Gyranusoidea indica was described from India and introduced into Australia, Egypt, Guyana, several Caribbean countries (Noyes 2015), and California (USA) (Goolsby et al. 2002). In conjunction with the parasitoid A. kamali and the predator C. montrouzieri, G. indica has been widely used in biological control programs against the pink hibiscus mealybug. Gyranusoidea mirzai (Agarwal) is associated with M. hirsutus, but it is restricted to the Oriental region (Chong et al. 2015). Gyranusoidea indica has also been recorded as a parasitoid of other pseudococcids, including F. virgata, Nipaecoccus viridis (Newstead), and Pseudococcus longispinus (Targioni Tozzetti) (Sharaf & Meyerdirk 1987; Meyerdirk & Warkentin 1999; Abd-Rabou 2001). Evans et al. (2012) reported A. kamali and G. indica associated with M. hirsutus on San Andres Island, Colombia, and provided information and illustrations to differentiate the 2 species.
Mutual occurrence of coccinellids and potential prey insects on a given plant does not necessarily indicate a prey-predator relationship, which must be positively observed in the field and/or tested in the laboratory (Hodek & Honek 1996). Of the insects collected on H. rosa-sinensis infested by M. hirsutus in the state of São Paulo, the predators C. montrouzieri and C. sanguinea and the parasitoid G. indica have already been recorded as natural enemies of this pest in other countries. Of the new associated species, only T. notata has Pseudococcidae as main prey or host. Harmonia axyridis is a generalist predator that will take coccoids as prey but feeds mainly on aphids. Species of Exoplectra are associated with the scale insect families Coelostomidiidae and Monophlebidae, and Ceraeochrysa species are generalist predators.
Secondary predators, or those species that will take prey beyond the species typically preferred, can be important in pest management. For example, Nesticoccus sinensis Tang (Hemiptera: Pseudococcidae) and Eriococcus transversus Green (synonym Rhizococcus transversus) (Hemiptera: Eriococcidae) are important pests of bamboo forests in southern Jiangsu (China), and the strategy used to control these pests involved using oil seed rape planted among the bamboo to attract aphids, which in turn attracted Harmonia obscurosignata (Liu) and H. axyridis (Xu & Wu 1989). After rape harvest, the coccinellids dispersed to the bamboo and fed on scales, reducing the scale population by 97 to 99%.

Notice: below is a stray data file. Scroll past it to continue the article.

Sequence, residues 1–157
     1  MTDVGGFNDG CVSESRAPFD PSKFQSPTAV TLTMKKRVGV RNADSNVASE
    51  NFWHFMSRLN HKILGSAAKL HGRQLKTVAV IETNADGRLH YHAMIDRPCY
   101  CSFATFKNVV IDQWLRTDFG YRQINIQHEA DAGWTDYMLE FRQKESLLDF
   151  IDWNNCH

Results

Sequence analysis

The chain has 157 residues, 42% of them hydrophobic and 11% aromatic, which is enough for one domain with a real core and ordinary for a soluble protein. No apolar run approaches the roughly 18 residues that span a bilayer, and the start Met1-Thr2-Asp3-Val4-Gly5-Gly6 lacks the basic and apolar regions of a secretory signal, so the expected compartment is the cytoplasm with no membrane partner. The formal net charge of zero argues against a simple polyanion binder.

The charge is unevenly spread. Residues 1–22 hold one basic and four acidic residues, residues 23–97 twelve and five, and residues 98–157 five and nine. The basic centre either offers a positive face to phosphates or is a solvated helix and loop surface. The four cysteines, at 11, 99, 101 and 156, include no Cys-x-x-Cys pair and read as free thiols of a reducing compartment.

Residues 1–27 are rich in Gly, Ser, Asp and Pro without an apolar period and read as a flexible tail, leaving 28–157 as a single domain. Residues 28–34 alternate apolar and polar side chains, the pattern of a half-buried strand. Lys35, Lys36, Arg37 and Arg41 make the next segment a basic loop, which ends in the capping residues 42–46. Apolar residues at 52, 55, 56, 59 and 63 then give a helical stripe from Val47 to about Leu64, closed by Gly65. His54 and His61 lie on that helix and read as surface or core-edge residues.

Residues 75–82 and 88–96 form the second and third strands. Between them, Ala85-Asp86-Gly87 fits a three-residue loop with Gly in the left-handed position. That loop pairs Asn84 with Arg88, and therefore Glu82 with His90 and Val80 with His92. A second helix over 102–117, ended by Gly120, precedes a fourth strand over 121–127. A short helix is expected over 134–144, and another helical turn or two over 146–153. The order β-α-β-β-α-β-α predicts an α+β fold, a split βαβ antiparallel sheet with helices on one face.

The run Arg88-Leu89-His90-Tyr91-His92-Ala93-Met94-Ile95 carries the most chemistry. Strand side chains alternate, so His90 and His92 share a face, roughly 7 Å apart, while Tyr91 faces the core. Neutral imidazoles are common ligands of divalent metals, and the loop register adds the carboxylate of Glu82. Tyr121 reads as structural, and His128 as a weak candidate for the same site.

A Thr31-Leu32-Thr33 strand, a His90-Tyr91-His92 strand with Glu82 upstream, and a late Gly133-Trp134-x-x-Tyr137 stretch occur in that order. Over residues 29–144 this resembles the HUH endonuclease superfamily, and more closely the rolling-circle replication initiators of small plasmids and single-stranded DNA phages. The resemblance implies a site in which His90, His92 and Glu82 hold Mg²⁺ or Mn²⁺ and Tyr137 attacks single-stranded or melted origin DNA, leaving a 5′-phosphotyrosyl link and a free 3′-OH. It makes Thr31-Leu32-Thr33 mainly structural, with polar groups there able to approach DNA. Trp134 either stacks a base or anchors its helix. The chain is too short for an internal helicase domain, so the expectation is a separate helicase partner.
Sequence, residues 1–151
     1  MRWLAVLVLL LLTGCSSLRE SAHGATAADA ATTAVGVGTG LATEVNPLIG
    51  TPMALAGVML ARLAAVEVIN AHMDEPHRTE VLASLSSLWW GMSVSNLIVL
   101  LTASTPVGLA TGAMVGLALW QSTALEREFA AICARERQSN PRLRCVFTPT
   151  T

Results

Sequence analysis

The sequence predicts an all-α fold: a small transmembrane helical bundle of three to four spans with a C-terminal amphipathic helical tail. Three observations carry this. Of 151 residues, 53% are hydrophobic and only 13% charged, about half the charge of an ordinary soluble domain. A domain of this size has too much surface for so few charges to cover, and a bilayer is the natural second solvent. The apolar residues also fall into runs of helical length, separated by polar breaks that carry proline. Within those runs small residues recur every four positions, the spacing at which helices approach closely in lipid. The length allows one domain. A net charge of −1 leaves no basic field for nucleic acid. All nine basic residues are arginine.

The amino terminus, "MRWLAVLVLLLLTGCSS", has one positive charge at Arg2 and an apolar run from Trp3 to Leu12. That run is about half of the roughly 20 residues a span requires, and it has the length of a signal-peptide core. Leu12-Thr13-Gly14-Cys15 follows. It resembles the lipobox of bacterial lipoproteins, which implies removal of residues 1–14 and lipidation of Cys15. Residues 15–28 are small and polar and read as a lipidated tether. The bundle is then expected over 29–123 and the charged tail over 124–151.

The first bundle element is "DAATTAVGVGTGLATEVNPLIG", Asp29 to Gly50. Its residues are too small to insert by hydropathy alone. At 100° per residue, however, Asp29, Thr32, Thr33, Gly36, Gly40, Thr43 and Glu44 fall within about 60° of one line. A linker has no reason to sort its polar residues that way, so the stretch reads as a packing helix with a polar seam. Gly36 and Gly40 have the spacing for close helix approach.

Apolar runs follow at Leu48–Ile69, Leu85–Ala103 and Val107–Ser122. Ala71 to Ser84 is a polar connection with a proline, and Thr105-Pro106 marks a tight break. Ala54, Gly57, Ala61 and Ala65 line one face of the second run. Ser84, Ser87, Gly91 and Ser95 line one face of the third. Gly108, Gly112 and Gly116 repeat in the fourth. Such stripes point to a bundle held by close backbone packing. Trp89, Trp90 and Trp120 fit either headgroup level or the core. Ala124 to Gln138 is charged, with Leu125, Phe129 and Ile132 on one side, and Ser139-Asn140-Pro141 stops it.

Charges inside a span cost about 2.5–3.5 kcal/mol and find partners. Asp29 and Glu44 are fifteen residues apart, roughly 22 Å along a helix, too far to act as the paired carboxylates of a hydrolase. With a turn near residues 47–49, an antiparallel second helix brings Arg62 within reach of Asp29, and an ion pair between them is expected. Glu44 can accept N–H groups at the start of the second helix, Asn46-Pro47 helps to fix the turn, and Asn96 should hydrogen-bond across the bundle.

In our collections from some plants infested by the pink hibiscus mealybug, we observed aphids and/or other species of coccoids such as Aphis gossypii Glover (Aphididae), Phenacoccus solenopsis Tinsley (Pseudococcidae), Parasaissetia nigra (Nietner) (Coccidae), and Pinnaspis sp. (Diaspididae), and it is possible that some coccinellids documented in association with M. hirsutus were initially attracted to the plant because of the presence of one of these other pests. Furthermore, ladybeetles may provide some suppression when the pest population is high, but not in lower populations because the beetles require large numbers of mealybugs to survive (Hoy et al. 2002), in which case other parasitoids and predators may provide some control.
In our observations, it was clear that C. montrouzieri was prevalent on large populations of M. hirsutus on H. rosa-sinensis in the state of São Paulo. However, additional ecological work in the field and tests in the laboratory are needed before proposing good management strategies against this pest in the state of São Paulo or other regions of Brazil.
We are grateful to Francisco José Sosa Duque from Universidad Centroccidental “Lisandro Alvarado,” Venezuela, who contributed with necessary information to identify the genus Ceraeochrysa (Neuroptera: Chrysopidae); to Takumasa Kondo (CORPOICA, Palmira, Colombia) for reviewing the manuscript; and to CAPES (Coordenação de Aperfeiçomento de Pessoal de Nível Superior) for financial support.